A super-powered squirrel named Ulysses is the hero of this funny, sweet comedy based on the book of the same name by Kate DiCamillo and K.G. Campbell.
The movie, now on Disney+, stars newcomer Matilda Lawler as 10-year-old Flora, who comes to the rescue of a squirrel after he is sucked into a robo-vacuum. He appears to be dead, but Flora performs CPR on the little guy and he comes back to life. She soon realizes he’s no ordinary squirrel. He doesn’t talk, but he can type! And he can fly… maybe?
Thanks to her father George (Ben Schwartz)’s comic books, Flora knows all heroes have a purpose, and tries to help Ulysses find his. All while keeping him a secret from her mother Phyllis (Alyson Hannigan), a romance novelist who’s under pressure to produce her new book. Especially because George, who’s given up creating comics, is barely making ends meet at an office supply store.
Phyllis and George are separated, but Flora isn’t scheming to get them back together. As she explains in voiceover, it’s better to be cynical and accept things as they are, rather than get your hopes up.
The comedy is big and bold: Ulysses nearly destroys a café after a waitress starts screaming her head off at the sight of him. The action, and the laughs, are just the right sort of cartoonish, with doughnuts flying towards the screen and Flora, Dad and Ulysses making a hasty getaway amidst the chaos.
The villain in this story is an animal control officer (Danny Pudi) determined to capture the “rabid” squirrel — and avoid a mean stray cat called Mr. Claws. While those scenes are fairly broad and slapsticky, the rest of the film runs along nicely on the chemistry of the cast and great physical comedy from Schwartz, who takes more than one tranquilizer dart meant for Ulysses.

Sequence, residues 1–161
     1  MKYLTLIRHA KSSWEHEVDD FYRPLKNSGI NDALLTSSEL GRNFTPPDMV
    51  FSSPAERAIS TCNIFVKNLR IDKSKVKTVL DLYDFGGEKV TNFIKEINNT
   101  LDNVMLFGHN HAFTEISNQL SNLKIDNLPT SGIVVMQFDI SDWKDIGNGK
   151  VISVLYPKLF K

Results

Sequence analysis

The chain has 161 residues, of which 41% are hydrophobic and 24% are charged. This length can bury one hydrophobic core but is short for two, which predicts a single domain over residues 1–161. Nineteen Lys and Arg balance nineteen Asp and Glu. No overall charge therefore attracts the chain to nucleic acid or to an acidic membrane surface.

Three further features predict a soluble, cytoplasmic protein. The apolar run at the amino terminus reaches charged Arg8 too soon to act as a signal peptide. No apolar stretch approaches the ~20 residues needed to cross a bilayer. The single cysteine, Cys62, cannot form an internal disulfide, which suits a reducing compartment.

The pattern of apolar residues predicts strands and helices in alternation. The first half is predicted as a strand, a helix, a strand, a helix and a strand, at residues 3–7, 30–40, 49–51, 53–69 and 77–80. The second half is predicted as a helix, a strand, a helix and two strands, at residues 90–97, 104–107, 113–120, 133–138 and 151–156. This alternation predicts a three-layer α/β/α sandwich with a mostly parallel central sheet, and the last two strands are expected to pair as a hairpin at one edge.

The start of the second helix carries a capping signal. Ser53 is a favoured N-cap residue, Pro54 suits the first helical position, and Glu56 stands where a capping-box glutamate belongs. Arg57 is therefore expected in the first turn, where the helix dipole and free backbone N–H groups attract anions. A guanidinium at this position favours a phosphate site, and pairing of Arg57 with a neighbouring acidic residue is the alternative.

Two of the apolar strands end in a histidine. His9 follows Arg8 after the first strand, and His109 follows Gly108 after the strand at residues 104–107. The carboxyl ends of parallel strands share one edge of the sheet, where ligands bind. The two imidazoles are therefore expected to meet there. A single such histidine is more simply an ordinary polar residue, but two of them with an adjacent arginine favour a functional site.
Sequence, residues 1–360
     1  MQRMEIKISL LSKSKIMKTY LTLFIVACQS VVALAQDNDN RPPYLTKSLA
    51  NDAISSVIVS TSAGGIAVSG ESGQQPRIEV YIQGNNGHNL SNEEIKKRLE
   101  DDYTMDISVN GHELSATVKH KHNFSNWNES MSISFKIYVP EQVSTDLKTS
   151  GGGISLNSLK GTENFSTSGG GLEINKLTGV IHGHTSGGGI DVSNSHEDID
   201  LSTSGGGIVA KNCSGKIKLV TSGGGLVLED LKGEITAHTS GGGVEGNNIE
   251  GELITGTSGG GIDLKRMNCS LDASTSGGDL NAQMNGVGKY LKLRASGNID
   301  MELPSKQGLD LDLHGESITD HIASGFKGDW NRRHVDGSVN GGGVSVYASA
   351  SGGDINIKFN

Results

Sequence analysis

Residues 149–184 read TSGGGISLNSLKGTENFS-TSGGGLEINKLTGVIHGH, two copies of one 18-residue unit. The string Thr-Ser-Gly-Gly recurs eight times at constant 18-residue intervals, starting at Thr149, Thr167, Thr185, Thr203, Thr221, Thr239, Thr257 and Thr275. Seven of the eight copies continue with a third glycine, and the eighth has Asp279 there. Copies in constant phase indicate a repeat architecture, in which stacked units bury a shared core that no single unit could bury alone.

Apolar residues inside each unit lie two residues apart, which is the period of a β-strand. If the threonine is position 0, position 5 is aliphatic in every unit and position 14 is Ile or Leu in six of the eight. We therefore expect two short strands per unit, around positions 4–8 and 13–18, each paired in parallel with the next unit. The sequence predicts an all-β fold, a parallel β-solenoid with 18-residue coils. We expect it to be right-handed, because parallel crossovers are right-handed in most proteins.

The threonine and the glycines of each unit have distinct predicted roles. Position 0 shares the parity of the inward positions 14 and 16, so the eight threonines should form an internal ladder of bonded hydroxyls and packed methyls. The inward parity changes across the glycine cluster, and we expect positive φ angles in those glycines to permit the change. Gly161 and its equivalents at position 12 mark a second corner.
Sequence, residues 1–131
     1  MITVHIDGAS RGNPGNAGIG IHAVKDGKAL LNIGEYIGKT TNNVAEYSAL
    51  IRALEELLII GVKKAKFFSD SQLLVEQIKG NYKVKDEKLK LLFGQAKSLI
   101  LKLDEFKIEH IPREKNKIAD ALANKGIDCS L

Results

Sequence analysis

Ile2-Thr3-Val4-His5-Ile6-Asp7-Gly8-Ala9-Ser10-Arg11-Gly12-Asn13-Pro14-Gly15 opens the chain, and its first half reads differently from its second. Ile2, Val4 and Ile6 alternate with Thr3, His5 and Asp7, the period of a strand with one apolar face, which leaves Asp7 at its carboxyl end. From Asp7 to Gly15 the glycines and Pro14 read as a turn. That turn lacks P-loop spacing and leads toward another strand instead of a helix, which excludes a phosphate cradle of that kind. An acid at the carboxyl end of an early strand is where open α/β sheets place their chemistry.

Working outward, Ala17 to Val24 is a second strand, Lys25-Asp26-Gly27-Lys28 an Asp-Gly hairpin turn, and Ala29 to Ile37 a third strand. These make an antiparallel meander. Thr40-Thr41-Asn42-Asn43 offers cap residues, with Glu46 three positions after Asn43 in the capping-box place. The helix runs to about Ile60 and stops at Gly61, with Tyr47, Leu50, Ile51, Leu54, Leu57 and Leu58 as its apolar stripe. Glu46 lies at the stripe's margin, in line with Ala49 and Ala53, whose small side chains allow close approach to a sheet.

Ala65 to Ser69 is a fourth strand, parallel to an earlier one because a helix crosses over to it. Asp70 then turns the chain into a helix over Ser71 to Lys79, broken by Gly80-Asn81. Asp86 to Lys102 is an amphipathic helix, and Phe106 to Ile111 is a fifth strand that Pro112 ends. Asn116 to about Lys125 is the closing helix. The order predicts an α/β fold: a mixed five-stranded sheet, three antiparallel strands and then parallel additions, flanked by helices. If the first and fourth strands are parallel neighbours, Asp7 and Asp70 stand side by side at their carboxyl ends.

Along for the ride is Benjamin Evan Ainsworth (bad boy Miles from “The Haunting of Bly Manor”) as William, who’s suffering from hysterical blindness, a situation that’s played for maximum laughs.
Ulysses himself is adorable, very smart, and more than a little naughty. He loves doughnuts, pop tarts and other things he shouldn’t eat. (The CGI on the film was finished during the pandemic and Ulysses is a very cute, fully realized character. Mr. Claws is rendered in less loving detail, but then he is one of the film’s villains.)
Do Ulysses’ adventures bring Phyllis and George back together? Does Phyllis get her writing mojo back? Does George start writing and drawing comics again? Does Ulysses realize his full power and save the day in epic fashion? And does William finally get his sight back at a hilarious moment?
Even if you know the answers to all those questions, this is a fun ride with genuine laughs and, dare I say, it, heart. It’s a perfectly lovely family film.
Rating: 3 out of 4 paws